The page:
Saying Goodbye to the Season

 

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The door out to the garage

Well, the feast of the Epiphany has come and gone so now there is no question, it is time to say goodbye to the holiday season until next year. I have put away the tree, the mantle decorations and the various other decorations in the rooms around the house. The Christmas dishes are tucked back in the cupboard and the holiday linens have all been laundered and folded.

There are two things left to do. I need to take the wreath down from the front door, although with it’s cream ribbon and shells in the evergreen, I feel I can get a few more weeks out of it. The other task is dismantling the display of greetings on the door out to the garage. This has become one of my favorite parts of holiday decorating. I go in and out this door almost exclusively. That means I get to see all the fun pictures each and every day. I enjoy thinking about the friends and family who sent them. So needless to say, I am not really wanting to take them down.

It is sad to me that so many seem to have given up the tradition of sending a greeting card. I am glad that so many of the people I know still do. I love the picture ones, especially from the folks I don’t see all the time. I like to see how the children have grown in the past year and I adore when the family dogs or other pets are included in the pictures.  I like how my Aunt Nancy always tries to find a dog card to send to me, knowing how much I will enjoy that. I love the way the gesture of these cards makes me feel connected.

For the past few years, I have always ended up receiving enough cards to fill the door and I hope that is the case for years to come. I know this year’s display needs to come down soon, but not today…maybe tomorrow!

 

My Two Biggest Fans

 

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My Christmas Card 2016

Every Year since Lucky and Ella were born they have been the stars of my annual card.  This year I loved the idea of having them show off my two other babies. Recently a friend reminded me that over 16 years ago I shared that on my life’s bucket list was to publish a novel. Here we are and I have now published two with my third due out in the spring.

2016 has been a very special year for me and I have high hopes for 2017 as well. I love being a teacher. I love being an author. But I have to say, these two beautiful fur babies give me unconditional love every day and I love them the most out of all my blessings.

Those of you with animals other than human in your home understand what I mean. For those of you who have never had the opportunity to love a creature other than human, I highly recommend it. Sometimes I think the other species we share this planet with are the better members of God’s creation.

I have to say Lucky and Ella are particularly smart (biased of course!). They understand when I pull them together for a picture and will patiently pose for me. This year Lucky came over and got on the sofa and settled in without any cajoling, just a quick call, that it was time for the Christmas picture.

While Lucky and Ella can’t read my novels, they have listened to them when I read aloud for editing. I also put them in the first book as the dogs of my heroine Lizzie. I like to think they are flattered by this and proud of my accomplishment of becoming an author.

They are ten years old now and I hope we have many more cards to come. Regardless I love our tradition of taking our card picture each year.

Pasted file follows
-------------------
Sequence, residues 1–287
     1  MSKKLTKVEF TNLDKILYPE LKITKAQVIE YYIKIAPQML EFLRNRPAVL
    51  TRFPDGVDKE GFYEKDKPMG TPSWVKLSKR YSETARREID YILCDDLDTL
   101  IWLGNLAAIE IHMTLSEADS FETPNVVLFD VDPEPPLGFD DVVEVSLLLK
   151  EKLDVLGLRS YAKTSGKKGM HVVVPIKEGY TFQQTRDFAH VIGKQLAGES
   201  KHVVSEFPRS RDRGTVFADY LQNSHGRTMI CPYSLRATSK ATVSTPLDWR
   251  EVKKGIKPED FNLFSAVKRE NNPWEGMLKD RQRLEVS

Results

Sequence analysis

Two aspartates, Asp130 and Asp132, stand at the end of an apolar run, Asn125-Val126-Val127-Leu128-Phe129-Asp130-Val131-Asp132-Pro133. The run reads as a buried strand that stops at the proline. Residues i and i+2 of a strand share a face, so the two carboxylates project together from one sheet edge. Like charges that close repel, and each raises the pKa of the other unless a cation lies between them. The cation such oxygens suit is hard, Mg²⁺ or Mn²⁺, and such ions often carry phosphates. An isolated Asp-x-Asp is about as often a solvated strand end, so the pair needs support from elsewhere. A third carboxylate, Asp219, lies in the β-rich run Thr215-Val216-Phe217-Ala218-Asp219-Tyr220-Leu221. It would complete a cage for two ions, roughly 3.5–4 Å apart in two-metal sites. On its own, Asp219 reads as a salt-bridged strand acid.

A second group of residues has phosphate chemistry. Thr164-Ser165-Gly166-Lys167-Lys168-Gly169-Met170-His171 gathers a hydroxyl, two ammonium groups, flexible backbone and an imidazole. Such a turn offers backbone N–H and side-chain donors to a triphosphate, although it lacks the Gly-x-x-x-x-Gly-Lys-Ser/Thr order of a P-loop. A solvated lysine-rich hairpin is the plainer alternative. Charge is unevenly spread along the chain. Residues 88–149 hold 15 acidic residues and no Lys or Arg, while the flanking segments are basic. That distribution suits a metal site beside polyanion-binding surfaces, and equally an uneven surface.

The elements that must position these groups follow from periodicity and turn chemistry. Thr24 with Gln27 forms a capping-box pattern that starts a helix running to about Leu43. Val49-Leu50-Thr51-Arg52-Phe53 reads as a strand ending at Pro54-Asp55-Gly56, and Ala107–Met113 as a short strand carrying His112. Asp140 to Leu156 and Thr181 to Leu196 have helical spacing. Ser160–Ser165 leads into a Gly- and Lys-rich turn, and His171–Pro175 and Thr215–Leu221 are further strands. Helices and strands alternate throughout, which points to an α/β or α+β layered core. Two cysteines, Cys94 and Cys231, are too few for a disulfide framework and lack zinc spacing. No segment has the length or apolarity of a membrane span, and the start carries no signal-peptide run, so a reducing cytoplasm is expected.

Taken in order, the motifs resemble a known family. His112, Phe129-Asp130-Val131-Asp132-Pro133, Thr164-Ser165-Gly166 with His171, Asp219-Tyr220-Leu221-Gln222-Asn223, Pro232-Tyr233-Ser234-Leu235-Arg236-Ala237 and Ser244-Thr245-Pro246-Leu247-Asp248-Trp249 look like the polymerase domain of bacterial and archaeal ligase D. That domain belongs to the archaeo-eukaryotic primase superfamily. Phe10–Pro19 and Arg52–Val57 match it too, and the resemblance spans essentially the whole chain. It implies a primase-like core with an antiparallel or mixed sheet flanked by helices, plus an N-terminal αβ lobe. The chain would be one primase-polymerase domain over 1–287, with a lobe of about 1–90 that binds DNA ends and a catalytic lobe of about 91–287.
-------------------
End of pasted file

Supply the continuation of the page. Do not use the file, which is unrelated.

A Southern Shower

 

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The Front of the invitation I crafted for a friend’s shower

Some traditions are sacred to womankind and I like to think showering the bride is one of them. The bridal shower is a rite of passage. The gifts from any decade are intended to help set up a new household with style. Here in the south, that means oodles of monogrammed items from linens to glassware. The hostesses carefully select decor to integrate with the bride’s color scheme. The feminine touches of white, lace and flowers evoke membership in a truly special group, the company of women.

While we enjoy the mini-cupcakes, signature drinks, and the charming party favors, One friend made lovely jars of sugar scrub for all the guests, I think it is the continuity of the tradition that we find the most pleasing. The rhythm of life is confirmed every time we baptize a baby or hold a funeral for a loved one. Our celebrations of special occasions are milestones for the celebrant and welcome respites from the daily routine for those who are blessed to participate.

Isn’t it nice that life offers up occasions for us to pause, take stock, and count our blessings.? I found this shower to be sweet and relaxing. The aesthetic touches. from the candle in a large cream lantern on the table to the mason jars wrapped with burlap and raffia set the atmosphere. The women, most of whom have known each other for years, felt those bonds of friendship strengthened by our shared happiness for the bride. We oohed and aahed over the lovely linens, many of them monogrammed . We wrote messages of advice for the couple and made the traditional bouquet out of the ribbons off the packages. But mostly we enjoyed each other’s company.

What a gift we woman have in the company of other women, celebrating the beautiful moments in life together. What a blessing that the time-honored tradition of showering the bride is still alive and well.

 

 

The Cheering Season

 

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Death Valley, Clemson South Carolina

It is football season once again and here in the south we are giddy with the return of tailgating and team pride. In this season of political discord and worldwide woes, the balm of team colors and bragging rights after the weekend games is a welcome distraction. Across our nation, we are enjoying the game from pee-wee to professional. Personally enjoy college ball the best and also rooting for the local high school team, the Wando Warriors.